Feds Target Money Laundering in U.S. Real Estate Transactions: New reporting rules in New York and Miami

Feds Target Money Laundering in U.S. Real Estate Transactions: New reporting rules in New York and Miami

Those glassy new seven- and eight-figure condos in Manhattan that never have the lights on are probably a dream pied-à-terre but the U.S. Department of Treasury wants to know if any of them may be someone’s ultra luxe storage facility.  Storage for their ill-gotten gains that is.  On Wednesday, January 13, 2016 the Financial Crimes Enforcement Network (FinCEN, part of the U.S. Department of the Treasury) announced Geographic Targeting Orders (GTO) that will temporarily require certain U.S. title insurance companies to identify the natural persons behind shell companies used to pay cash for high-end residential real estate in Manhattan and Miami-Dade County, Florida.  The GTOs will be in effect March 1 to August 27, 2016.

FinCEN is concerned that all-cash purchases may be conducted by wealthy individuals—including corrupt foreign officials and transnational criminals—using expensive U.S. real estate to safely and secretly invest millions of their dirty money using a network of domestic and offshore companies to store their assets and hide their identity.  Both Manhattan and Miami are considered common spots for this type of money laundering activity.

Bank financing adds a layer of fraud protection because the process of borrowing money is more transparent and requires substantial identity information to be filed with the lender.  Cash purchases are a weak link that the federal government is ready to address.

To garner information necessary to prevent this type of money laundering, FinCEN will require certain title insurance companies to identify and report the true “beneficial owner” behind a legal entity involved in certain high-end residential real estate transactions.  The reporting requirement is triggered when these companies pay $3 million or more for homes in Manhattan and $1 million or more for homes in Miami without any bank financing.  The title company will be required to report the owners’ names to FinCEN at the U.S. Treasury Department where it will be made available to law enforcement investigators as part of FinCEN’s database.  Importantly, these individuals’ identities will not be released to the public.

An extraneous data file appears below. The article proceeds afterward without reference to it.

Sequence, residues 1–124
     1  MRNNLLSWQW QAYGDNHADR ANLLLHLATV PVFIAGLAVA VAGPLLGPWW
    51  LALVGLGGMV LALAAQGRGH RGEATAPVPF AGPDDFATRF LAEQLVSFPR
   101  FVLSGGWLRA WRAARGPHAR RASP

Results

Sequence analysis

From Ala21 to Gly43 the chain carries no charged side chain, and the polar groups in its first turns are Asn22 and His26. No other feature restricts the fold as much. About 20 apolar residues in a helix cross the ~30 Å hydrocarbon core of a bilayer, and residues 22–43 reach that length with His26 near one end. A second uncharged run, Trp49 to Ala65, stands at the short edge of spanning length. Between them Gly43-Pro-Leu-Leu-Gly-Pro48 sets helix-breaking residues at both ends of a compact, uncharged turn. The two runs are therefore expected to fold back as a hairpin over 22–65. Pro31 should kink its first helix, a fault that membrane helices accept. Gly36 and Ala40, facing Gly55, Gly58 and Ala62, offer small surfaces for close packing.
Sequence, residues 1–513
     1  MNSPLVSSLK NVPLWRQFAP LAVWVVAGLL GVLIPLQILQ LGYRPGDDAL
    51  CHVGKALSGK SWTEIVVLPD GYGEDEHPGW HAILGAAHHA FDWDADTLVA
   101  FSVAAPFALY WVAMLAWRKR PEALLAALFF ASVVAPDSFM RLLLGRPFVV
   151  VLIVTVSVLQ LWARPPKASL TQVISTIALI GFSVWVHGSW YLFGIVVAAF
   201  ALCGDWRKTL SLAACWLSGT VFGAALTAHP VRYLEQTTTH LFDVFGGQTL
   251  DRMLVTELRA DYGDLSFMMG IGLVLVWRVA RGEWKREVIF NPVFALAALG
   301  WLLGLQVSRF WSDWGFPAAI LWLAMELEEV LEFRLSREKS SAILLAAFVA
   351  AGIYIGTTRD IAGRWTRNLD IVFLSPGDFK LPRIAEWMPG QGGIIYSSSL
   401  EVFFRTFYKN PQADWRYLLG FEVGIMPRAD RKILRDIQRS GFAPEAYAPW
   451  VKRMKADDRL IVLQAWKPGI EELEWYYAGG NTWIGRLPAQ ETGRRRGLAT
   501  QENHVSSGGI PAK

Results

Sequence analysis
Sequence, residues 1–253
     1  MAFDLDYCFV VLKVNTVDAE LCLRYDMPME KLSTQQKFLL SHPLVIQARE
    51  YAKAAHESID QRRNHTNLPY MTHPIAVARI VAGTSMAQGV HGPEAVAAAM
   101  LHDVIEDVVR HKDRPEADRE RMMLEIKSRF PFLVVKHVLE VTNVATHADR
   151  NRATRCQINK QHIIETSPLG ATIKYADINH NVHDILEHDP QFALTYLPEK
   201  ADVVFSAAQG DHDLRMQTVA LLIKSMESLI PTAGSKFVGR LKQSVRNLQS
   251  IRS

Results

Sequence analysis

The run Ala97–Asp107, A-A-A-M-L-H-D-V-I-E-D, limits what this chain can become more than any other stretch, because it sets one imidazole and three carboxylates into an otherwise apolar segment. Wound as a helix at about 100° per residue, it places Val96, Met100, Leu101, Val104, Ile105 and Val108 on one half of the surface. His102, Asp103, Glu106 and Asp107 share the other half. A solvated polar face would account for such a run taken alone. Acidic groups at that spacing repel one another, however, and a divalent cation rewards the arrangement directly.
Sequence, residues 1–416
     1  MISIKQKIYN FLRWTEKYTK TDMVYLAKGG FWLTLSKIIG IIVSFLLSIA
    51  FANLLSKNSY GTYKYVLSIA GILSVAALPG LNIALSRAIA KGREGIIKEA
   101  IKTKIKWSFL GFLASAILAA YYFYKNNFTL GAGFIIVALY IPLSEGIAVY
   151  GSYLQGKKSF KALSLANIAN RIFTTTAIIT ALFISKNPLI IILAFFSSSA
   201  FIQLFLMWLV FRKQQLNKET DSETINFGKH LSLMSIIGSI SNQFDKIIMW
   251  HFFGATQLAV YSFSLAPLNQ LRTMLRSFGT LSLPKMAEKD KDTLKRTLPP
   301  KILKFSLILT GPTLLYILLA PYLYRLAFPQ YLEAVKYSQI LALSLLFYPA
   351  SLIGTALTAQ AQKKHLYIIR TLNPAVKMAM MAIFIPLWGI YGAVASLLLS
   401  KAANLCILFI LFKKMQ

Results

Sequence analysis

FinCEN is seeking the assistance of certain title insurance companies because title insurance is a common feature in the vast majority of U.S. real estate transactions, particularly expensive ones. The federal government believes that title insurance companies are in the best position to provide FinCEN with valuable information through this new reporting mechanism.

This FinCEN announcement follows on the heels of another recent effort to thwart money laundering by the New York City Commissioner of Finance, who changed how ACRIS tax forms had to be prepared effective May 18, 2015.  Specifically, the NYC-RPT form was revised to include two additional Grantor and Grantee types: Single Member LLC and Multiple Member LLC.  For any grantor and grantee that is a partnership or multiple member LLC, the revised form requests the name and Social Security Number for each general partner or member or an affidavit attesting to the reasons the information is missing.  See OneTitle’s previous article entitled LLCs and Privacy: The end of the dance?



“Feds crack down on secret real estate deals in Miami-Dade and New York.”  Miami Herald.  By Nicholas Nehamas.  January 13, 2016.

“U.S. Will Track Secret Buyers of Luxury Real Estate.”  The New York Times.  By Louise Story.  January 13, 2016. 

“FinCEN Takes Aim at Real Estate Secrecy in Manhattan and Miami.”  U.S. Department of the Treasury, Financial Crimes Enforcement Network press release.  January 13, 2016.

American Land Title Association letter to Jennifer Shasky Calvery, Director of the Financial Crimes Enforcement Network, U.S. Department of the Treasury.  January 13, 2016. (not available online)